Here is an informal exposition of some particular interests in inequality and polarization.
The next two papers deal with questions of conflict, an interest that stems from my earlier work on polarization with Joan Esteban.
"On the Salience of Ethnic Conflict" (with J. Esteban), July 2006, revised November 2007.
"A Model of Ethnic Conflict," (with J. Esteban), September 2005.
Credit and Insurance
"Informal Insurance in Social Networks" (with F. Bloch and G. Genicot), May 2006. Continues in the line of my earlier work with Garance Genicot on limits to insurance created by subcoalitions.
"Bargaining Power and Enforcement in Credit Markets" (with G. Genicot), Journal of Development Economics 79, 398--412 (2006). Another recent paper with Garance for a JDE special issue in honor of Pranab Bardhan (who, among other things, edited the Journal of Development Economics for many years).
Here are two more papers on informal credit. The first one is a nice overview I think. The second paper will never be published, but don't ask me why.
"Credit Rationing in Developing Countries: An Overview of the Theory," Chapter 11 in Readings in the Theory of Economic Development, edited by D. Mookherjee and D. Ray, London: Blackwell, 2000, pages 383--301.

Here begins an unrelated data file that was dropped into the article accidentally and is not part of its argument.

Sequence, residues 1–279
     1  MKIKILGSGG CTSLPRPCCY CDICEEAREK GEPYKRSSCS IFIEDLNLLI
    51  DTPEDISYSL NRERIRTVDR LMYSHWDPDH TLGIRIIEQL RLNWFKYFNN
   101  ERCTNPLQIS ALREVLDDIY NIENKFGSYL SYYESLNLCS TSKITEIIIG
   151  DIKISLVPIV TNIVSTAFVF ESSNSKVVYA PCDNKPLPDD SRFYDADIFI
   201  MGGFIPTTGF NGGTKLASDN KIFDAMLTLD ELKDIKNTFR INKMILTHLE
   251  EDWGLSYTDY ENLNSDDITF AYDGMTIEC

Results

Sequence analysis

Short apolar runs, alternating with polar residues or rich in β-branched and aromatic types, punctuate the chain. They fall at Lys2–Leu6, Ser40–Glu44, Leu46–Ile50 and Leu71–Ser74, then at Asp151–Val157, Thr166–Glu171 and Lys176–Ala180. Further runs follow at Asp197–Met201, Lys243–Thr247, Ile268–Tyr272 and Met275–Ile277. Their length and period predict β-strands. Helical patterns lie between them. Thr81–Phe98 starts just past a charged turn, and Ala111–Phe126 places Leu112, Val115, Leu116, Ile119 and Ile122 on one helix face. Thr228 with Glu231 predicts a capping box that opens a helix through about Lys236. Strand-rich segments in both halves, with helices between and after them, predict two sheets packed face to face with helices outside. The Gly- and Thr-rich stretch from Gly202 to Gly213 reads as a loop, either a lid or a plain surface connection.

"Information and Enforcement in Informal Credit Markets," (with P. Ghosh), revised November 2001.
"Occupational Span and Endogenous Inequality" (with D. Mookherjee), first draft, November 2004, this draft March 2005. Ah, this paper, it will never be completed I fear. It continues to grow and is probably now of interest to only two economists in the world, though of course it shouldn't be that way.
These unpublished notes, Income Distribution and Macroeconomic Behavior, were written in 1990 and may be of interest to those working on the economic implications of inequality. The notes show that inequality must emerge in a two-occupation model (with perfect certainty) and establish the convergence of intertemporal competitive equilibria to a steady state, even in the presence of multiple steady states. An updated version is forthcoming in a special issue of Economic Theory in honor of my old advisor, Mukul Majumdar (no, Mukulda: the "old" applies to "advisor").
"Inequality and Inefficiency in Joint Projects," (with J-M. Baland and O. Dagnelie), April 2003, revised 2006, forthcoming, Economic Journal. Paper studies the interplay of egalitarianism and incentives, an old interest of mine which dates back to this paper with Kaoru Ueda.
"A Dynamic Incentive-Based Argument for Conditional Transfers" (with D. Mookherjee), February 2008, forthcoming in the Australian journal Economic Record.
"Aspirations, Poverty and Economic Change," in A. Banerjee, R. Bénabou and D. Mookherjee (eds), What Have We Learnt About Poverty, Oxford University Press (2006). This essay is originally based on my comments as discussant on A. Appadurai's paper, World Bank Conference on Culture and Public Action, 2002. Appadurai's paper is published in V. Rao and M. Walton (eds), Culture and Public Action.
More to come!